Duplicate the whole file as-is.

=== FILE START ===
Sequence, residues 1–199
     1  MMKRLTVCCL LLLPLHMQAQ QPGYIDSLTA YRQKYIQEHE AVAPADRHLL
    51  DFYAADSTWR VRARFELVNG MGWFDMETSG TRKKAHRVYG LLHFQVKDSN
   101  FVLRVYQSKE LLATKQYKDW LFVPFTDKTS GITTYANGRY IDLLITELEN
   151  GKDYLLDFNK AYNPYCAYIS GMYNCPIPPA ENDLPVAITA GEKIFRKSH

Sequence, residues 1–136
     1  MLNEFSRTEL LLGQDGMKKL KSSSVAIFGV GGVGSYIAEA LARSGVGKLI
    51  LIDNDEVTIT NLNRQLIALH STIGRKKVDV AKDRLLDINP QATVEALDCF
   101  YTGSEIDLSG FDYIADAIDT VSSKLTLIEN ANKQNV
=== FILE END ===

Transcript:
Sequence, residues 1–199
     1  MMKRLTVCCL LLLPLHMQAQ QPGYIDSLTA YRQKYIQEHE AVAPADRHLL
    51  DFYAADSTWR VRARFELVNG MGWFDMETSG TRKKAHRVYG LLHFQVKDSN
   101  FVLRVYQSKE LLATKQYKDW LFVPFTDKTS GITTYANGRY IDLLITELEN
   151  GKDYLLDFNK AYNPYCAYIS GMYNCPIPPA ENDLPVAITA GEKIFRKSH

Sequence, residues 1–136
     1  MLNEFSRTEL LLGQDGMKKL KSSSVAIFGV GGVGSYIAEA LARSGVGKLI
    51  LIDNDEVTIT NLNRQLIALH STIGRKKVDV AKDRLLDINP QATVEALDCF
   101  YTGSEIDLSG FDYIADAIDT VSSKLTLIEN ANKQNV